Re: Swallowing issues and throat stretching?
Who is recommending the throat stretching? Your family doctor? You should not THINK the scaring is related to acid reflux. Instead, you should KNOW. (No offense to you.)
Is your acid reflux being treated, if that is the problem? If it is bad enough to scar your esophagus, you should see a specialist, at least for the diagnosis. I would assume that a gastroenterologist or a surgeon will be doing the stretching.
Look at this way, if the stretching does not fix problem, you wasted your time, money and put yourself at some medical procedure risk. All procedures have risk.
Now if your doctor is speculating on diagnosis and is planning to send you to a specialist (gastroenterologist) that is ok. The GE will do the proper tests first to confirm cause.
Are you taking other meds. There side effects can cause dry mouth that affects swallowing. There are pills for that too. Good luck.
Remember, NO ONE will take ownership of your health except you. It is good you are asking questions here, but you also need to ask them of your doctors.
BTW, I searched WebMD for swallowing difficulties. Below is what they listed.
There are two types of problems that can make it hard for food and liquids to travel down your esophagus:
The muscles and nerves that help move food through the throat and esophagus are not working right. This can happen if you have:
Had a stroke or a brain or spinal cord injury.
Certain problems with your nervous system, such as post-polio syndrome, multiple sclerosis, muscular dystrophy, or Parkinson's disease.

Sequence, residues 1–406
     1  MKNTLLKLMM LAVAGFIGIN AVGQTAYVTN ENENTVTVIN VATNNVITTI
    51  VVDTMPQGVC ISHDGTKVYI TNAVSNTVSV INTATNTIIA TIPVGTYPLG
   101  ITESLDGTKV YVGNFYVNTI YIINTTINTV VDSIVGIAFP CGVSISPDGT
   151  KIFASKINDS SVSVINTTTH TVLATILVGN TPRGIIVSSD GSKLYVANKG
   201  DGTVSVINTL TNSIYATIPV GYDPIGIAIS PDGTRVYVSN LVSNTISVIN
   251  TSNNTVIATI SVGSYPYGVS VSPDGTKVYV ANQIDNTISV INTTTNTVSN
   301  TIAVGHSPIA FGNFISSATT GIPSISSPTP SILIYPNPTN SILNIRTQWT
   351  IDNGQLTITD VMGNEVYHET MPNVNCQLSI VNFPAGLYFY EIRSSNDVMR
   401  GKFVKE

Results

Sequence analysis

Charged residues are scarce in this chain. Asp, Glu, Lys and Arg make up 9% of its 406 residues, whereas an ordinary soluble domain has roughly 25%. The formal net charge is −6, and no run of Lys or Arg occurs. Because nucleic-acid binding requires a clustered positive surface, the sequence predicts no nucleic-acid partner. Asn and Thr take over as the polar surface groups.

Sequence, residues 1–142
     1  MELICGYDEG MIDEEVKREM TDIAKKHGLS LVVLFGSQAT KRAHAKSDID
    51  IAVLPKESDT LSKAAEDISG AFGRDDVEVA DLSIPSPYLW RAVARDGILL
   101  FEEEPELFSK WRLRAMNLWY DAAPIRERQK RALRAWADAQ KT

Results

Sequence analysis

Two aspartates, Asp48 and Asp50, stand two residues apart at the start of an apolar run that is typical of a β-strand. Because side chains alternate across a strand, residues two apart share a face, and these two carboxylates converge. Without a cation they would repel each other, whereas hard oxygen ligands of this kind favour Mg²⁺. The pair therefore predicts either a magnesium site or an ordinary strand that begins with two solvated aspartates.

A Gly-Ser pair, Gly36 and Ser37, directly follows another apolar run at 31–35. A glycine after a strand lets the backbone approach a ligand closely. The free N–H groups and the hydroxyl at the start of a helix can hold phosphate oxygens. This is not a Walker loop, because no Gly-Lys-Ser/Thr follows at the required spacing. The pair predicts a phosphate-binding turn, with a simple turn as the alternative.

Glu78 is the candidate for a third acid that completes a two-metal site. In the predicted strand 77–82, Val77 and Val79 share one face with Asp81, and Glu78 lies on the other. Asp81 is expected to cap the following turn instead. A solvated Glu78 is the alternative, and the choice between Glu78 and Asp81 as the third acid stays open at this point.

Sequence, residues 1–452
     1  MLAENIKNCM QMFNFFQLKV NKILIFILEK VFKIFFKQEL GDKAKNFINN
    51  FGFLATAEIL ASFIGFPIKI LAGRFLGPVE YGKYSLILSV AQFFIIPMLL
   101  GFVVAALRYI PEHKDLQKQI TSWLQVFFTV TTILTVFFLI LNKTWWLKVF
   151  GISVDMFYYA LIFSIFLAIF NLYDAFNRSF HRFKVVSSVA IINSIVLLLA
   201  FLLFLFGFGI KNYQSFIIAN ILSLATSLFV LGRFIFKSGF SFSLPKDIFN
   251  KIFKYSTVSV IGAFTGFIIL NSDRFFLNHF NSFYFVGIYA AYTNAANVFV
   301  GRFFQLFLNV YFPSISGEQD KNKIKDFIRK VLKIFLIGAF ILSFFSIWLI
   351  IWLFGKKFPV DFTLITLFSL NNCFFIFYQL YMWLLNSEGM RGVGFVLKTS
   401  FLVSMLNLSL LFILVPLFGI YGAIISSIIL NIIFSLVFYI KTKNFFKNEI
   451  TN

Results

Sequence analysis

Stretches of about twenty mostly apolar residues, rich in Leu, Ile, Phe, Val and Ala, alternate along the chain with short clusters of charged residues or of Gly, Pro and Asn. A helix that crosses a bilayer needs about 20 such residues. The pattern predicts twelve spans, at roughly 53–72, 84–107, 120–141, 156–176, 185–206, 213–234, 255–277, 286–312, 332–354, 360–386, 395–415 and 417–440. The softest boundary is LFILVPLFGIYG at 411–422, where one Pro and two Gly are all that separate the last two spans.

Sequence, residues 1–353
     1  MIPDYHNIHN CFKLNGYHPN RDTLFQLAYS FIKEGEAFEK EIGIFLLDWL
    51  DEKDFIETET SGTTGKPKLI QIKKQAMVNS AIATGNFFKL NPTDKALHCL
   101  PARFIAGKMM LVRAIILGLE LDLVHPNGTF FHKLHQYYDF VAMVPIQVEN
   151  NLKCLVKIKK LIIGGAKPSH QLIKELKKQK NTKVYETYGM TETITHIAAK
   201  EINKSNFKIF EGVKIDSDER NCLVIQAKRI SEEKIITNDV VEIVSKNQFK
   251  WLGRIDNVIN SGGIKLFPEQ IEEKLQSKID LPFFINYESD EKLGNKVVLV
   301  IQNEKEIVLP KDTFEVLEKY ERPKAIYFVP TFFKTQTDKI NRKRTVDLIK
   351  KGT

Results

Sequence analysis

An immune system problem that causes swelling (or inflammation) and weakness, such as polymyositis or dermatomyositis.
Esophageal spasm. This means that the muscles of the esophagus suddenly squeeze. Sometimes this can prevent food from reaching the stomach.
Scleroderma. In this condition, tissues of the esophagus become hard and narrow. Scleroderma can also make the lower esophageal muscle weak, which may cause food and stomach acid to come back up into your throat and mouth.
Something is blocking your throat or esophagus. This may happen if you have:
Gastroesophageal reflux disease (GERD). When stomach acid backs up regularly into your esophagus, it can cause ulcers in the esophagus, which can then cause scars to form. These scars can make your esophagus narrower.
Esophagitis. This is inflammation of the esophagus. This can be caused by different problems, such as GERD or having an infection or getting a pill stuck in the esophagus. It can also be caused by an allergic reaction to food or things in the air.
Diverticula. These are small sacs in the walls of the esophagus or the throat.
Esophageal tumors. These growths in the esophagus may be cancerous or not cancerous.
Masses outside the esophagus, such as lymph nodes, tumors, or bone spurs on the vertebrae that press on your esophagus.
A dry mouth can make dysphagia worse. This is because you may not have enough saliva to help move food out of your mouth and through your esophagus. A dry mouth can be caused by medicines or another health problem.